Lomo LCA-120 hands on for the first time

The LC-A 120 ($429) is the newest offering from Lomography and is a medium format version of their classic LC-A, a camera that the company was built on.  Using the same programatic auto exposure that the original has, the 38mm (21mm equivalent) lens f4.5 lens produces 12 6×6 shots per a roll of film.

I am a fan of the original LC-A, and have often kept one in my bag for when I am on outings because it is perfectly compact, and is a quick camera to grab while out. I was eager to get my hands on the LC-A 120 to see how it stacks up against the original



To the right of the lens is a small switch that allows you to adjust the ISO to correspond to the film you have loaded into the camera at the time. The light-meter is viewable through the viewfinder via 2 small red LED lights. As long as both lights illuminate, there is adequate light for an exposure and the batteries are fully charged and reading correctly. I have always hated this light-meter/battery because one of the lights actually represents the current energy level of the batteries. If it is low, one of the LED lights will not turn on.

Unfortunately, the LC-A 120 uses three 1.5V button batteries, designated as LR44 or A76 which can be a pain to find as they are not sold in every shop.

The camera is priced quite high currently, however it does not contain the flaws of other Lomography products. It is extremely portable for a medium format camera, able to be dropped into any day bag the photographer might want to choose and weighs about the same as the original LC-A. The new LC-A 120 feels less rigid than its predecessor, the original feels more like a solid brick. That is not to say that it feels flimsy, but that it was essentially the same parts, just it a larger case, making the middle feel more flexible.


It uses a scale focusing system, which can be a bit of a chore and slow you down when you are trying to grab a quick snapshot, and it forces you to look at the front of the camera to make certain you are on the right measurement. Equally frustrating is loading film into the camera because you have to turn a tiny spring till it is diagonal to you and then force the roll of film in, however since the camera I had was only a prototype, I am not certain if this is something that has been fixed on the final version.

As an additional bonus, the LC-A 120 does not make use of the red window most medium format point and shoots come with and instead uses an actual frame counter. Unfortunately, the frame counter maxes out at 12, which means you can not load it with 220 film. That may have been intentional because fewer brands are making 220 anymore, but it would be nice to have for the few that still do.

Unfortunately, like the original LC-A slow shutter and nighttime photography is a bit of a pain. The afore mentioned light meter will turn on and tell you that there is enough light to accurately capture the scene, but not when the exposure is done. This can often times leave you standing in the dark with your finger on the shutter release cable wondering when the exposure is complete. For the one usable nighttime exposure in the gallery below, I metered beforehand and then counted down to get close to what my external meter was telling me the cameras was going to capture.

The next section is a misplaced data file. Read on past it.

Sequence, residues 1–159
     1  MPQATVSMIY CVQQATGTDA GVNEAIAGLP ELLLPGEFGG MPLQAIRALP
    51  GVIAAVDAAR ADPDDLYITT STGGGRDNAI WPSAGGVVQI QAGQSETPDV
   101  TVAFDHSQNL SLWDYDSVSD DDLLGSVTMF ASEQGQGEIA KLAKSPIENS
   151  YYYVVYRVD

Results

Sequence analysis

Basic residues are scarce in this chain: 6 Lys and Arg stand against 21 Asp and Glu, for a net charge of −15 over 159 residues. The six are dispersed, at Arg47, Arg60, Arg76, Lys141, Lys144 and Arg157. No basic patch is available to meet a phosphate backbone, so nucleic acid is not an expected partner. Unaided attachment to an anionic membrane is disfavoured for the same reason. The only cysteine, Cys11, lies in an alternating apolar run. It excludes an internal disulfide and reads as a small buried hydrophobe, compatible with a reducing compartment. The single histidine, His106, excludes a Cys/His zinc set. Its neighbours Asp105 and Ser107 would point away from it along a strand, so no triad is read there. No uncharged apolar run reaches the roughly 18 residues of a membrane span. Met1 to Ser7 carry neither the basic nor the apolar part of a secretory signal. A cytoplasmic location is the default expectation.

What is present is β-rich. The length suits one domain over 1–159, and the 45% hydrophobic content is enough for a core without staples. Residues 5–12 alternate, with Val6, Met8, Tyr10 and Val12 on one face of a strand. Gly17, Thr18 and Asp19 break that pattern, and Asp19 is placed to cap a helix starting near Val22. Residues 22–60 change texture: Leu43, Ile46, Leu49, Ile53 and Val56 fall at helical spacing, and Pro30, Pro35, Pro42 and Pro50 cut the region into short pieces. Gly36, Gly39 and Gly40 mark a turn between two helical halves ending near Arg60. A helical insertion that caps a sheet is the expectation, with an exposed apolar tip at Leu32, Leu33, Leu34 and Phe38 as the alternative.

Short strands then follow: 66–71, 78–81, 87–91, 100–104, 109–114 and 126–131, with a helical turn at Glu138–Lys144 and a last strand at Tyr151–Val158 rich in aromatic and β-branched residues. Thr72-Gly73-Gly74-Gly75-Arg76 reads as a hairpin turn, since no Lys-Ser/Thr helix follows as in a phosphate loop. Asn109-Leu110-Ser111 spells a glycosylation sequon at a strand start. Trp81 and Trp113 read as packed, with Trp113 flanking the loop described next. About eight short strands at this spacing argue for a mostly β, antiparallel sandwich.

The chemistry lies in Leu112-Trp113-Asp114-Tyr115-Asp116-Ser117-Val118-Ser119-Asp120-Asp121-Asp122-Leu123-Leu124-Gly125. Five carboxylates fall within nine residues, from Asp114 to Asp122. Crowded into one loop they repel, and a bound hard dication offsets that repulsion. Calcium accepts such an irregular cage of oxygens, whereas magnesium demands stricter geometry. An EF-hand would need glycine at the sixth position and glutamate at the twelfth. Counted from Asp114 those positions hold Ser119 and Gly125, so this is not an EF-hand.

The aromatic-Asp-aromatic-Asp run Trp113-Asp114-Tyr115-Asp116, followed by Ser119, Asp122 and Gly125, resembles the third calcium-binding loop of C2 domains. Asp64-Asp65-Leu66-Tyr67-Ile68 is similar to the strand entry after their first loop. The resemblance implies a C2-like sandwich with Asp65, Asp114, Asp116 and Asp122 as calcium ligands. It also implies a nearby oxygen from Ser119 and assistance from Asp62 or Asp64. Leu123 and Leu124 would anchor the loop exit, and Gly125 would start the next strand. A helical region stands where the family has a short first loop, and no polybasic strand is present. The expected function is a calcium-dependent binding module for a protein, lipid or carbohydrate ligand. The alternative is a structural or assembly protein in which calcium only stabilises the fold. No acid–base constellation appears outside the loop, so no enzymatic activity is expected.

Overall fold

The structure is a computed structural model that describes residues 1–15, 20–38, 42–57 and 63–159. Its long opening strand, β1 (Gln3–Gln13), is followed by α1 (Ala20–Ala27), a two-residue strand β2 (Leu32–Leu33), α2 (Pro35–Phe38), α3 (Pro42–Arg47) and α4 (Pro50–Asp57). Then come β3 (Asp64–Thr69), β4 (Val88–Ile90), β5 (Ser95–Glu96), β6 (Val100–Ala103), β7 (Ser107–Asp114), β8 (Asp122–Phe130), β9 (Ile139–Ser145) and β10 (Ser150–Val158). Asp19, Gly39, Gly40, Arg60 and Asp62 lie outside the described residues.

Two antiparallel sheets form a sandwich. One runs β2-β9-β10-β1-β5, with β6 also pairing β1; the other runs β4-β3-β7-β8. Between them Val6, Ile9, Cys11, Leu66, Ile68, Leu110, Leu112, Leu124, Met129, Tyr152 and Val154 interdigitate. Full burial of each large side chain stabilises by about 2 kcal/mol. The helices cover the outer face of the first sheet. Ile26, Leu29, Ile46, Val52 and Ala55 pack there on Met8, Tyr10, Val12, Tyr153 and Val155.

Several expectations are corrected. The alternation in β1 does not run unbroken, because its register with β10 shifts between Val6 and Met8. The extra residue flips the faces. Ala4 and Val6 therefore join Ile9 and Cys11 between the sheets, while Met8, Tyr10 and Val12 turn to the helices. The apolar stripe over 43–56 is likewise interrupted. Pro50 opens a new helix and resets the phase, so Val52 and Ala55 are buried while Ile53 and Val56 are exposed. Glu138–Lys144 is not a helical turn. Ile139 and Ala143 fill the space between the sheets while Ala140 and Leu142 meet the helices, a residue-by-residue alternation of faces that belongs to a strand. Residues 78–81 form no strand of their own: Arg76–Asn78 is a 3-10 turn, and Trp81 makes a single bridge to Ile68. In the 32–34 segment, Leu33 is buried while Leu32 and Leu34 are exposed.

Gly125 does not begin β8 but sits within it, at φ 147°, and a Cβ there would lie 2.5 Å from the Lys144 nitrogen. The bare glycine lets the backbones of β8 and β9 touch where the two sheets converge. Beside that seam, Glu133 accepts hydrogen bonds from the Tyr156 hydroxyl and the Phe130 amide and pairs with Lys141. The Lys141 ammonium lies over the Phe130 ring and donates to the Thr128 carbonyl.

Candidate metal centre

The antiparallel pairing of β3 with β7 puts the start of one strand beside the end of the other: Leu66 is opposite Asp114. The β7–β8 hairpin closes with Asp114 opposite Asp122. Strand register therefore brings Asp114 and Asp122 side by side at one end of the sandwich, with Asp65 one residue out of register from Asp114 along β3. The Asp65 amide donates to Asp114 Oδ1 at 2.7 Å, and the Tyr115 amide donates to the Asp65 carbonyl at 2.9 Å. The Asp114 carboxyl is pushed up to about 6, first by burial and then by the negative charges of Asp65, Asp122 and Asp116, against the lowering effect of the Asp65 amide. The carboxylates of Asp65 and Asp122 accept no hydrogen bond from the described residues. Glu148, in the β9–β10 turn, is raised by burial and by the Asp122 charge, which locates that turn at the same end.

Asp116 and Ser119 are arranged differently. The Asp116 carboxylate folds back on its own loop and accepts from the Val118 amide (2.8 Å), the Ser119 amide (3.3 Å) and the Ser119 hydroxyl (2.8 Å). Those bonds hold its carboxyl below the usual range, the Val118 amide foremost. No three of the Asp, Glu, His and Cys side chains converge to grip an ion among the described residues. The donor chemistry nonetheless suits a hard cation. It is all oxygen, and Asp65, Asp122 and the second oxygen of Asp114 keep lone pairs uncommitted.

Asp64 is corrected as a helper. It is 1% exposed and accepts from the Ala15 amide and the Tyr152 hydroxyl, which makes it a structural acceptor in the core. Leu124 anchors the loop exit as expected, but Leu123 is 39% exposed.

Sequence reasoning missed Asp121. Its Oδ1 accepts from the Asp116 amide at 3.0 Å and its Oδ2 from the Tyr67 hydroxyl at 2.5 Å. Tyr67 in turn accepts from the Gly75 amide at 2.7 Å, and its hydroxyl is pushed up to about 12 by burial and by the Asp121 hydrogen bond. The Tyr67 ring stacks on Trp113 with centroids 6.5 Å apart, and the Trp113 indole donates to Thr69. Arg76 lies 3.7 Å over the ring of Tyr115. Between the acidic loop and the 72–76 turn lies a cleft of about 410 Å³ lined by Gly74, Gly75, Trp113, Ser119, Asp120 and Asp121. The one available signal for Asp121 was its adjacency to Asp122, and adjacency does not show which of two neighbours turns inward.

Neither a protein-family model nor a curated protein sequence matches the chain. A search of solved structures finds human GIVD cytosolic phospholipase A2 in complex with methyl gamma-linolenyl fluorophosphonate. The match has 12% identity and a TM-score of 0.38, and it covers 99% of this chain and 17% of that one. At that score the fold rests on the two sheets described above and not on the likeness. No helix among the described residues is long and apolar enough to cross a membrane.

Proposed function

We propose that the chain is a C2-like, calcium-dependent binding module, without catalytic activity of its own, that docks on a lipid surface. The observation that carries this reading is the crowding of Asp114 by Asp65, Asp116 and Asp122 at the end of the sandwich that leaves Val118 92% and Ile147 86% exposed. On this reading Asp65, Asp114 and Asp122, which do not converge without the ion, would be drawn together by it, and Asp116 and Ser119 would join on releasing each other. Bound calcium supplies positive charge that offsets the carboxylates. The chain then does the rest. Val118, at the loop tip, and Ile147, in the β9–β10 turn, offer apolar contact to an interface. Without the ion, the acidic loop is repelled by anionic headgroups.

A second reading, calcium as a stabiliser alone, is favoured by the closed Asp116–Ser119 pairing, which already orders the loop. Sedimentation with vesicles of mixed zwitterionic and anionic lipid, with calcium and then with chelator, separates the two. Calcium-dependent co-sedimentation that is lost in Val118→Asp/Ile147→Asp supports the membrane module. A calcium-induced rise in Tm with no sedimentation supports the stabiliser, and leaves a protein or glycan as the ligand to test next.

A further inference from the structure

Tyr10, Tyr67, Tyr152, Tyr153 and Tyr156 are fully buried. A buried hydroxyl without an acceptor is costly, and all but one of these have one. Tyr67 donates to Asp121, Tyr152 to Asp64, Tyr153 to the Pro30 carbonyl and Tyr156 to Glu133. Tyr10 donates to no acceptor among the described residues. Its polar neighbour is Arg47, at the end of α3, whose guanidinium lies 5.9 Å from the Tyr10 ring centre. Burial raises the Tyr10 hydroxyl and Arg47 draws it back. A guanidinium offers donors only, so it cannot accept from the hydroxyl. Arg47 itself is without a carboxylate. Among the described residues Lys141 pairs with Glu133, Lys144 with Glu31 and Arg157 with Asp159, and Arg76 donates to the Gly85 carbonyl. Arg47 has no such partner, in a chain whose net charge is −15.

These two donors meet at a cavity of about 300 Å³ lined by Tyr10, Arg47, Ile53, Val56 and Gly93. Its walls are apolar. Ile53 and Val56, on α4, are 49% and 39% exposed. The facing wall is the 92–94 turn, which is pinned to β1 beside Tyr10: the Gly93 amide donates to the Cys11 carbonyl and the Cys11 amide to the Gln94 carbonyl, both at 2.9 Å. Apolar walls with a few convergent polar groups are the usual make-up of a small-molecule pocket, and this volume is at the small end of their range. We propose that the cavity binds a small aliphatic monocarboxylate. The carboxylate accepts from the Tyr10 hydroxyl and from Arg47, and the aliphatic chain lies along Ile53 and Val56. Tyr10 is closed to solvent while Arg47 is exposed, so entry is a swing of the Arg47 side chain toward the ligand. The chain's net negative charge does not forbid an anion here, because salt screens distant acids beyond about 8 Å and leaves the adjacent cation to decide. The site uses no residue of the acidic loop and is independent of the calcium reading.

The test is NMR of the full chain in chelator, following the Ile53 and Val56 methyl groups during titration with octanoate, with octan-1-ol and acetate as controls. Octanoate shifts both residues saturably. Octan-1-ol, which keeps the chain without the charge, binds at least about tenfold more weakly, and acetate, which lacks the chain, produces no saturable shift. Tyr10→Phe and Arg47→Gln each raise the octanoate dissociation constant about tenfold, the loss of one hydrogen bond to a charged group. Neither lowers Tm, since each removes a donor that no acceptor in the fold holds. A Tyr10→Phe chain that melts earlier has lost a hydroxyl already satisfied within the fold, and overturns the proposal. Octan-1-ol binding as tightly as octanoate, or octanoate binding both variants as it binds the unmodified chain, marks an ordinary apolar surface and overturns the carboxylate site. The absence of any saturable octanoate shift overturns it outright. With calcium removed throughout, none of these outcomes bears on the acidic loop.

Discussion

All images in the below gallery are straight scans from the negatives. No modifications beyond cropping have been done to them. Some stated the belief that companies heavily modify images taken by their products, so as a matter of honesty, none of these have been altered in any way.

Lomography really has done a good job on engineering this camera to be similar in quality to that of the original, however I feel that the price may be a deterrent for some. The original LC-A is a very capable camera and one of my favorites in the Lomography line-up.

The camera is incredibly worthwhile and is really capable. If you really enjoy shooting medium format and want a quick and dirty point and shoot, this is the perfect camera to add to your arsenal. Knowing Lomography’s product cycle, I fully expect this camera to have a slew of accessories being introduced in the next few months, including an instant back and hopefully an underwater case similar to what is produced for the 35mm LC-A.


  1. says

    Could you load it with 220 and, once you reach 12, take it into a darkroom or developing bag, open and close the film door to reset the counter, and keep going? I wonder if that would work.

  2. says

    LR44s are dead easy to get online. I get them in bulk from amazon and they work out at 6p each which is a dime to you. So cheap that change the batteries every time I change the film as low batteries can throw off the exposure sum time.

    “bit of a chore and slow you down when you are trying to grab a quick snapshot” I don’t ented to sue medium format film for quick snapshots!

    Film loading sounds a little odd, usually it’s quite simple with 120 film.

    I doubt you will see an underwater case for this camera, that is unless they sell a shed load of LC-A 120s.


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